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Alayiah Wolf Child selected 2023 Stampede First Nations Princess

The Calgary Stampede has a new 2023 First Nations Princess.

Alayiah Wolf Child, 24, a member of the Siksika First Nation, won over judges during the final round of competition on Sunday to claim the title.

“When they announced my name, it just felt like I was dreaming,” she said.

“You know when you first step into Disney World and it’s like the most magical place on earth, it’s is exactly how I felt—it was overwhelming.”

For the upcoming year, Wolf Child said that she wants to share the culture and history of the Treaty 7 people. A story, she said, that is reflective of all of the Indigenous groups in Southern Alberta.

“To be an ambassador is to have the opportunity to share this knowledge with all walks of life, and to continue to build this long lasting relationship that we, the tribes of Treaty 7, have built with the Calgary Stampede,” Wolf Child said.

During her competition speech, she said that she had the opportunity to learn about the Stampede’s efforts to promote First Nations culture, and to include First Nations people from the first Stampede.

“Guy Weadick saw the beauty in our culture, and sought to help preserve and maintain our traditions acknowledge and value during,” Wolf Child said.

“The ongoing tradition has allowed our communities to showcase their traditional knowledge and our artistry. The initiative was the beginning of the bridge being built between two great communities.”

The competition was the third attempt for Wolf Child.

“I wasn’t expecting anything… I wanted to learn from my past mistakes and try again.”

She pointed to 2022’s First Nation Princess Sikapinakii Low Horn as an inspiration to continue to vie for the role as an ambassador for the Calgary Stampede.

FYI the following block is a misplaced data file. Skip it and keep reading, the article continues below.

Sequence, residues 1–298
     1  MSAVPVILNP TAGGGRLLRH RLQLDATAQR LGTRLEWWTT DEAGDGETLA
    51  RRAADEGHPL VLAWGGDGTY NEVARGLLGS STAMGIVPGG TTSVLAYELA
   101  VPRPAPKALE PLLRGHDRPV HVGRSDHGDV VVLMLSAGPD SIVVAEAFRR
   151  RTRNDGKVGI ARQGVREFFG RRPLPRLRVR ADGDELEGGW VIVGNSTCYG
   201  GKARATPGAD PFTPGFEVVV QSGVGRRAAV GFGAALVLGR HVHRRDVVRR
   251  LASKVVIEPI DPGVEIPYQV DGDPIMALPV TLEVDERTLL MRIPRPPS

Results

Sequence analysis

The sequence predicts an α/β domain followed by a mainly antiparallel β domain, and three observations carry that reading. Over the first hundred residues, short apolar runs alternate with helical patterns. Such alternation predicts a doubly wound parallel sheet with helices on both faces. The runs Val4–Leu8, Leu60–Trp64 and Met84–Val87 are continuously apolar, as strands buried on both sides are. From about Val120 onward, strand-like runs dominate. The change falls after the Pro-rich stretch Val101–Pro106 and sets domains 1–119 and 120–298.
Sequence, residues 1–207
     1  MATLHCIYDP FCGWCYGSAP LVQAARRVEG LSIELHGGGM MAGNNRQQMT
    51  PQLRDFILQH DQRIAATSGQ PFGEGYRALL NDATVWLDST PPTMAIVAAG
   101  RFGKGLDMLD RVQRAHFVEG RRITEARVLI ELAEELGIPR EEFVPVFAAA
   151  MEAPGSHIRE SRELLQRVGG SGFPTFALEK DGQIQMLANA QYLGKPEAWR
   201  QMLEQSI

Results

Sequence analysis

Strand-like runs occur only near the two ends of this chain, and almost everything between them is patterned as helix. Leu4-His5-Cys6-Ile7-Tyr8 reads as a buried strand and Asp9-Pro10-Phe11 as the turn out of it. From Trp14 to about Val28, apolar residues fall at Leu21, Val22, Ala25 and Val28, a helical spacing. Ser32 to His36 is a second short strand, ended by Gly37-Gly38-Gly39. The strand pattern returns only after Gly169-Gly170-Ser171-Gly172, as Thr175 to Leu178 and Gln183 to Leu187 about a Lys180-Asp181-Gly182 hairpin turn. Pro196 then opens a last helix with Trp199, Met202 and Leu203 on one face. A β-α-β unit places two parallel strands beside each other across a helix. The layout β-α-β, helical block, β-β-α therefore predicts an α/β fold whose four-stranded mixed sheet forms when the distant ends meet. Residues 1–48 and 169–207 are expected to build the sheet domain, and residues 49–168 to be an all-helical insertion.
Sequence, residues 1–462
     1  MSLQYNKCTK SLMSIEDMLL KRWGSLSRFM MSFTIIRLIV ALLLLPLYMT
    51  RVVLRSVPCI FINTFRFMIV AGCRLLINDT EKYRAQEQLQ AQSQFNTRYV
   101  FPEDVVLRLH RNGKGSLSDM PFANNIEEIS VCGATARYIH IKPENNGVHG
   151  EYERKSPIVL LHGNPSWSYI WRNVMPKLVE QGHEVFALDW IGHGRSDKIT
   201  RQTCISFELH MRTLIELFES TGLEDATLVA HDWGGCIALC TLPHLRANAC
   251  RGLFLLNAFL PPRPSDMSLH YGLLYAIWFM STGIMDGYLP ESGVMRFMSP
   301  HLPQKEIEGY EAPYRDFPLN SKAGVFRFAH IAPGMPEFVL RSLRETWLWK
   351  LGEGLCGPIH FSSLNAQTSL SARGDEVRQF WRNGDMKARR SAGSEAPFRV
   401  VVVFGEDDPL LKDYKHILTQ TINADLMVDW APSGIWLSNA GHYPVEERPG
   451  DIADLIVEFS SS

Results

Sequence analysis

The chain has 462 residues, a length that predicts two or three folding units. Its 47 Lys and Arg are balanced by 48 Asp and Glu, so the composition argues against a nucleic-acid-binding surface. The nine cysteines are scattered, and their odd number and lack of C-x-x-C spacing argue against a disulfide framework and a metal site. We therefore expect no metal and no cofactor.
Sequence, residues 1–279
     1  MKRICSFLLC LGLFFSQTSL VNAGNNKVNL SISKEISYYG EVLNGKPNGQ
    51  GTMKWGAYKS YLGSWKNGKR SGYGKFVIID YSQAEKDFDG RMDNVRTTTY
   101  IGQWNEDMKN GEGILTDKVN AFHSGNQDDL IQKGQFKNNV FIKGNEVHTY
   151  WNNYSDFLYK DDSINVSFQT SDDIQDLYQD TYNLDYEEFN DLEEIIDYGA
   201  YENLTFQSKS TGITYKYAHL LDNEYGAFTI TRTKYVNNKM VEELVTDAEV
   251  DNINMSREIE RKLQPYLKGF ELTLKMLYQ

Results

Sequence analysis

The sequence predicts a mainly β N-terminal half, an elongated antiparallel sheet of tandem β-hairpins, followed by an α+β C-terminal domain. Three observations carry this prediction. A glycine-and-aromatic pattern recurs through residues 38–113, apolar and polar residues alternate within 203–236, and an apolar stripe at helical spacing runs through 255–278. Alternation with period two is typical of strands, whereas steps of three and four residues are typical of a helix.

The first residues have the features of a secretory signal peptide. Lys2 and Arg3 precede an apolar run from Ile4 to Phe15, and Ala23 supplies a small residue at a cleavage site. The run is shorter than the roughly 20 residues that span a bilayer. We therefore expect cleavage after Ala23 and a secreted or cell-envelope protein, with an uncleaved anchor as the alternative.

Stampede First Nations Princess on Sunday, November 27, 2022. ARYN TOOMBS / FOR LIVEWIRE CALGARY

Big shoes to fill as ambassador

Calgary Stampede President and Board Chair Steve McDonough said that he was proud of the long term relationship the organization has had with members of Treaty 7.

“Reconciliation is part of our DNA, with a relationship that goes back before 1912,” he said.

“We do by acting. This isn’t something new for us, and it’s just something that is part of our DNA, so I’m proud of that.”

Wolf Child will be stepping into a role that was largely shaped by the Covid-19 pandemic, a realignment of Calgary Stampede values by reducing the number of Stampede Royalty positions, and the work done by Low Horn and outgoing Stampede Princess Jenna Peters.

She will be joined by 2023 Stampede Princess Sarah Lambros.

“As we redeploy the Calgary Stampede to be what it is and future proof it, the royalty and our royal royalty ambassadors have to be set up to represent or our organization, and I think it wasn’t by accident that we had Jenna and Sikapinakii as a duo,” McDonough said.

“The experiment was absolutely successful, and I think it works for both the Elbow River Camp and the Calgary Stampede to be represented equally.”

McDonough said that Sunday’s competition was representative of the hard work that goes on behind the scenes to set up for a successful July.

“It’s the start of next year’s Stampede, and that’s what’s exciting about it.”